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Logo of bmcmeduBioMed Centralsearchsubmit a manuscriptregisterthis articleBMC Medical Education
 
BMC Med Educ. 2009; 9: 74.
Published online Dec 18, 2009. doi:  10.1186/1472-6920-9-74
PMCID: PMC2804703
Pharmacology as a foreign language: A preliminary evaluation of podcasting as a supplementary learning tool for non-medical prescribing students
Oonagh Meade,1 Dianne Bowskill,1 and Joanne S Lymncorresponding author1
1School of Nursing, Midwifery & Physiotherapy, University of Nottingham, Queens Medical Centre, Nottingham, UK
corresponding authorCorresponding author.
Oonagh Meade: lwxom2/at/nottingham.ac.uk; Dianne Bowskill: dianne.bowskill/at/nottingham.ac.uk; Joanne S Lymn: joanne.lymn/at/nottingham.ac.uk
Received July 20, 2009; Accepted December 18, 2009.
Abstract
Background
Nurses and other health professionals in the U.K. can gain similar prescribing rights to doctors by undertaking a non-medical prescribing course. Non-medical prescribing students must have a thorough understanding of the pharmacology of prescribing to ensure safe practice. Pharmacology education at this level is complicated by the variation in students' prior subject knowledge of, and anxiety about, the subject. The recent advances in technology, particularly the potential for mobile learning, provide increased opportunities for students to familiarise themselves with lecture materials and hence promote understanding. The objective of this study was therefore to evaluate both the subjective (student perception) and objective (student use and exam results) usefulness of podcasts of pharmacology lectures which were provided as an extra learning tool to two cohorts (n = 69) of non-medical prescribing students.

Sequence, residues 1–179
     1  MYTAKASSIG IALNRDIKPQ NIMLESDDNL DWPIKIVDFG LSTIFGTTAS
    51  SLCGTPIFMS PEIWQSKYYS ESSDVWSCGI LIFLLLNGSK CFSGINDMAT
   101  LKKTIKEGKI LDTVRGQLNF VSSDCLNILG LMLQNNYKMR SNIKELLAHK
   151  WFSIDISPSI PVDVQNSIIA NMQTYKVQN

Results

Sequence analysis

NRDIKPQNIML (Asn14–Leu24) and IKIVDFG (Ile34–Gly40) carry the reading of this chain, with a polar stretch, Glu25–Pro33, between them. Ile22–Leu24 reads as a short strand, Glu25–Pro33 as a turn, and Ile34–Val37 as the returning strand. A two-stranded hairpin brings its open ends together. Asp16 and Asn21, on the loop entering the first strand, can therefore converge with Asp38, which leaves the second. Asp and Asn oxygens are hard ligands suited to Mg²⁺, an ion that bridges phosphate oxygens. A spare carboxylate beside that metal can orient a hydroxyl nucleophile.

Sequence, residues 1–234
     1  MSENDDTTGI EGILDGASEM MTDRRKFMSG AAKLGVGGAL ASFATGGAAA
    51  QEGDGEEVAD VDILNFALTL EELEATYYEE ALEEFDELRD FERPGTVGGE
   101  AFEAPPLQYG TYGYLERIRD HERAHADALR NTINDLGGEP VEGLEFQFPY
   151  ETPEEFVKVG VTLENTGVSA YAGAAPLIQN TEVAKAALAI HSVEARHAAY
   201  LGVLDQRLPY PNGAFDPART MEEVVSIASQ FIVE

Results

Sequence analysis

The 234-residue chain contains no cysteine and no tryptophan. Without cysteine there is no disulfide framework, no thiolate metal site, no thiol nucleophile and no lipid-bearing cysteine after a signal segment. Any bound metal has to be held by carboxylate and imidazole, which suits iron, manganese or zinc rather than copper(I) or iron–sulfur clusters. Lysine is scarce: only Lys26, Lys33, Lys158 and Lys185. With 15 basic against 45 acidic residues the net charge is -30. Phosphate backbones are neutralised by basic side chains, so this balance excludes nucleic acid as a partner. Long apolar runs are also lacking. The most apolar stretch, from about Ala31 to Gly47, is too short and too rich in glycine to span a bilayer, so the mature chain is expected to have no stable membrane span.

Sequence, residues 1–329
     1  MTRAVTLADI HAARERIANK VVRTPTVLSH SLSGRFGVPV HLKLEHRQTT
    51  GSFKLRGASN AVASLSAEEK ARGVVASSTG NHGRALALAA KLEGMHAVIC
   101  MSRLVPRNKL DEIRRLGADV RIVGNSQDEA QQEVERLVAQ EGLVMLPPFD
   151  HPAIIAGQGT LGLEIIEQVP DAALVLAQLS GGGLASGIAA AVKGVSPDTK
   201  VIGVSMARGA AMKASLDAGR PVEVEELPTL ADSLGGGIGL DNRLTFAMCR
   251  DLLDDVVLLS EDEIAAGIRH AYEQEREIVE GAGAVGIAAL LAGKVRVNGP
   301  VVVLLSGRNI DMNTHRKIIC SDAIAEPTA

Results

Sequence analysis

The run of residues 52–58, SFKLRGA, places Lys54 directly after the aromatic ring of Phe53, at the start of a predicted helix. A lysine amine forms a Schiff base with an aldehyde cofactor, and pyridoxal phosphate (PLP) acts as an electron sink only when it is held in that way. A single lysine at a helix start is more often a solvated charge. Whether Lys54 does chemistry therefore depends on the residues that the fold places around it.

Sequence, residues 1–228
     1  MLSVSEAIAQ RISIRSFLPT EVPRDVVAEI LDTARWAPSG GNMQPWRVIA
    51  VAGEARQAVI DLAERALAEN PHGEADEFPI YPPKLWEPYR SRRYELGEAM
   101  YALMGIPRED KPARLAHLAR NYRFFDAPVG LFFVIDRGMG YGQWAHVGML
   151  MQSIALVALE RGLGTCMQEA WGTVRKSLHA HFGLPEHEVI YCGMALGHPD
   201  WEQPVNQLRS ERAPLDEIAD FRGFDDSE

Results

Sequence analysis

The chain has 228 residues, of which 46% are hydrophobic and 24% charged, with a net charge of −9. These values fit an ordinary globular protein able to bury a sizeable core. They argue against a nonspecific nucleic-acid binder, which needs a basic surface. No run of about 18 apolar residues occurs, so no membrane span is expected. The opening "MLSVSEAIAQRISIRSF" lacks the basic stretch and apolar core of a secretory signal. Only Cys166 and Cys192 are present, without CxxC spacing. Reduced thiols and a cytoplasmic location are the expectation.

Methods
The podcasts were made available to students through the virtual learning environment WebCT. Use of podcasts by two successive cohorts of nurse prescribing students (n = 69) was tracked through WebCT. Survey data, which was collected from 44 of these students, investigated patterns of/reasons for podcast use and perceived usefulness of podcasts as a learning tool. Of these 69 students, 64 completed the pharmacology exam. In order to examine any impact of podcasts on student knowledge, their exam results were compared with those of two historical cohorts who did not have access to podcasts (n = 70).
Results
WebCT tracking showed that 91% of students accessed at least one podcast. 93% of students used the podcasts to revisit a lecture, 85% used podcasts for revision, and 61% used the podcasts when they had a specific question. Only 22% used the podcasts because they had missed a pharmacology session. Most students (81%) generally listened to the entire podcast rather than specific sections and most (73%) used them while referring to their lecture handouts. The majority of students found the podcasts helpful as a learning tool, as a revision aid and in promoting their understanding of the subject. Evaluation of the range of marks obtained, mode mark and mean mark suggested improved knowledge in students with access to podcasts compared to historical cohorts of students who did not have access to pharmacology podcasts.
Conclusions
The results of this study suggest that non-medical prescribing students utilised podcasts of pharmacology lectures, and have found the availability of these podcasts helpful for their learning. Exam results indicate that the availability of podcasts was also associated with improved exam performance.
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